On Fri, 21 Sep 2007 13:44:25 +0200, Bas Neggers <[log in to unmask]>
>Just a quick series of thoughts:
>when you really intend to regress out BOLD activation caused by NEURAL
>activity driving the movement of the head (which could be due to example
>flexion/extension of nech/shoulder/torso muscles, to mention a few)
>rather than MRI acquisition related signals, you might want to include
>the 2nd derivitive of the parameter describing the relevent movement
>component, and convolve that with the HRF. Many motor areas react
>proportional to the applied force when I remember well, and as most of
>you probably know Newtonion mechanics says that F=m * a, where a is the
>acceleration of a body with mass m.
Yes, you're probably right; second derivative might be better than my
suggestion, which was first derivative.
>However, finding the relevant movent component from the 6 realignment
>parameters would not be that straightforward, since biomechanically the
>muscle force is applied along an angular moment with an axis of rotation
>resembling a line through the back of the head touching the plane
>supporting the head. This axis is also changing with head rotation, to
>complicate things further.
I agree with what you say below:
>To make a long story short: I wouldn't bother about that, unless you are
>really interested in areas where neck/shoulder/etc mucsle motor activity
>As said before, the effects of movement on B0 distortion and
>spin-history artifacts is probably much larger.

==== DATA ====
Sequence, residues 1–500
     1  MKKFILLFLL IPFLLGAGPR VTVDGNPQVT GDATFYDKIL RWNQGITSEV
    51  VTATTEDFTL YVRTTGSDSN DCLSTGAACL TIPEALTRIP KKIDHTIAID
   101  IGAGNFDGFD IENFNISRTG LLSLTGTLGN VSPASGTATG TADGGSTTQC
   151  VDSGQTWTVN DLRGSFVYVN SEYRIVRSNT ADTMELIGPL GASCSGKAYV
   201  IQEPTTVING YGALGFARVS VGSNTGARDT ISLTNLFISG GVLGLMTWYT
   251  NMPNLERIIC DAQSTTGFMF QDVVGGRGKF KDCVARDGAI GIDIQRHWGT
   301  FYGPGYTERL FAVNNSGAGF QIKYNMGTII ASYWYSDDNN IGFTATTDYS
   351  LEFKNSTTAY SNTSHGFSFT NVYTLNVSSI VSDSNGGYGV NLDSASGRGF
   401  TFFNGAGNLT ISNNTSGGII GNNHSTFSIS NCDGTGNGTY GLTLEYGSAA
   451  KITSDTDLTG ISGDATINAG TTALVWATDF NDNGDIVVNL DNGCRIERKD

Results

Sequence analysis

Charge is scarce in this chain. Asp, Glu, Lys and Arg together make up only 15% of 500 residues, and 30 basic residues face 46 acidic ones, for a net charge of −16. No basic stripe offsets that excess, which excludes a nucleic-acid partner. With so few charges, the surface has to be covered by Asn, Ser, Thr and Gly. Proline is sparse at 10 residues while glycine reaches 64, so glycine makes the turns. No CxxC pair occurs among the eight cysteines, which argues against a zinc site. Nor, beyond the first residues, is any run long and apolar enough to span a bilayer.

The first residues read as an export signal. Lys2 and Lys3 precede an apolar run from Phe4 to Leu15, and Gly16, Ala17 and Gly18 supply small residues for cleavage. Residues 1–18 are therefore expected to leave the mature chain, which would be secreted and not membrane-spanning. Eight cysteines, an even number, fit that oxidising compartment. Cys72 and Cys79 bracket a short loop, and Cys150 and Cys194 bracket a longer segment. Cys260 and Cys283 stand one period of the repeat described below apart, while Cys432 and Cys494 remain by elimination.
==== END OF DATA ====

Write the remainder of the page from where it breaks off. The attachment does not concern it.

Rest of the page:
>Stephen J. Fromm schreef:
>> On Tue, 18 Sep 2007 15:55:15 +0100, alistair galley
>> <[log in to unmask]> wrote:
>>> dear list,
>>> apologies if this has been covered (i couldnt see it in the 100 or so
>>> movement parameter related messages i surveyed)
>> >from what i gather, including movement movement parameters in the
>>> matrix is a good idea even if you have already
>>> realigned because it can remove additional artifacts not removed by
>>> body transformations, assuming that your movement params
>>> are not correlated with your regressors of interest.
>>> but this only regresses out artifacts, it does not regress out the bold
>>> activity which may be underlying some of the movement.
>>> so i was thinking, wouldnt it make sense to convolve the movement
>>> with the hrf to model some of the underlying neuronal
>>> causes of the movement. obviously the same caveat would apply with
>>> these regressors not being correlated with your
>>> regressors of interest.
>>> does this make sense as something to do and has anyone done this?
>> People do not typically do this, as far as I know. My overall take is
>> that I wouldn't do this, myself.
>> I can't see any reason why it would be a _really bad_ idea, but it's not
>> clear to me that it would help much.
>> As you probably know, the main concern is "regressing out" the effect of
>> motion itself, because the changes in signal it can lead to are
>> Finally, were you to attempt to do what you suggest, you'd have to
>> consider whether you'd really want to convolve the position parameters
>> themselves with the HRF, or something like their first order differences
>> (which would be velocity).
>>> with very best wishes
>Dr. S.F.W. Neggers
>Division of Brain Research
>Rudolf Magnus Institute for Neuroscience
>Utrecht University Medical Center
>Visiting : Heidelberglaan 100, 3584 CX Utrecht
> Room B.01.1.03
>Mail : Huispost A.01.126, P.O. Box 85500
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>Tel : +31 (0)30 2509609 Fax : +31 (0)30 2505443
>E-mail : [log in to unmask]
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